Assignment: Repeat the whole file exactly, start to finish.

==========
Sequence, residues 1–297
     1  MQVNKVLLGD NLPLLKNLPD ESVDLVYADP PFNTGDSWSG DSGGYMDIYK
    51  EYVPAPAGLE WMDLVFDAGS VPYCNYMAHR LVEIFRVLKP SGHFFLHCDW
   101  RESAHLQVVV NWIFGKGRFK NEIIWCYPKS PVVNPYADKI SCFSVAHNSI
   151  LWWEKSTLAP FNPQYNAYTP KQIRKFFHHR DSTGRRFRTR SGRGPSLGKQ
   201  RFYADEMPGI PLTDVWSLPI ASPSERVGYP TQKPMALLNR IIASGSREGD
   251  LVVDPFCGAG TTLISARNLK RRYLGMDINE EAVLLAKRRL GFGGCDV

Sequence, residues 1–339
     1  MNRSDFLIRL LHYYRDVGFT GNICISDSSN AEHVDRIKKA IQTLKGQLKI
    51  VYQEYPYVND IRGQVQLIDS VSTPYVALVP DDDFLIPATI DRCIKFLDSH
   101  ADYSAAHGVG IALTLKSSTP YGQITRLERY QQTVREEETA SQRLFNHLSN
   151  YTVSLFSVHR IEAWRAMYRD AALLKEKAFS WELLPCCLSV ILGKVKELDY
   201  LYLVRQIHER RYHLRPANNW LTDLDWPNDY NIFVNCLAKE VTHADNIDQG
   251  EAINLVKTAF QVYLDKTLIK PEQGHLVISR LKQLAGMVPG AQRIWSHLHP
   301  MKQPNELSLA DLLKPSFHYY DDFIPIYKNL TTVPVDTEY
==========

Sequence, residues 1–297
     1  MQVNKVLLGD NLPLLKNLPD ESVDLVYADP PFNTGDSWSG DSGGYMDIYK
    51  EYVPAPAGLE WMDLVFDAGS VPYCNYMAHR LVEIFRVLKP SGHFFLHCDW
   101  RESAHLQVVV NWIFGKGRFK NEIIWCYPKS PVVNPYADKI SCFSVAHNSI
   151  LWWEKSTLAP FNPQYNAYTP KQIRKFFHHR DSTGRRFRTR SGRGPSLGKQ
   201  RFYADEMPGI PLTDVWSLPI ASPSERVGYP TQKPMALLNR IIASGSREGD
   251  LVVDPFCGAG TTLISARNLK RRYLGMDINE EAVLLAKRRL GFGGCDV

Sequence, residues 1–339
     1  MNRSDFLIRL LHYYRDVGFT GNICISDSSN AEHVDRIKKA IQTLKGQLKI
    51  VYQEYPYVND IRGQVQLIDS VSTPYVALVP DDDFLIPATI DRCIKFLDSH
   101  ADYSAAHGVG IALTLKSSTP YGQITRLERY QQTVREEETA SQRLFNHLSN
   151  YTVSLFSVHR IEAWRAMYRD AALLKEKAFS WELLPCCLSV ILGKVKELDY
   201  LYLVRQIHER RYHLRPANNW LTDLDWPNDY NIFVNCLAKE VTHADNIDQG
   251  EAINLVKTAF QVYLDKTLIK PEQGHLVISR LKQLAGMVPG AQRIWSHLHP
   301  MKQPNELSLA DLLKPSFHYY DDFIPIYKNL TTVPVDTEY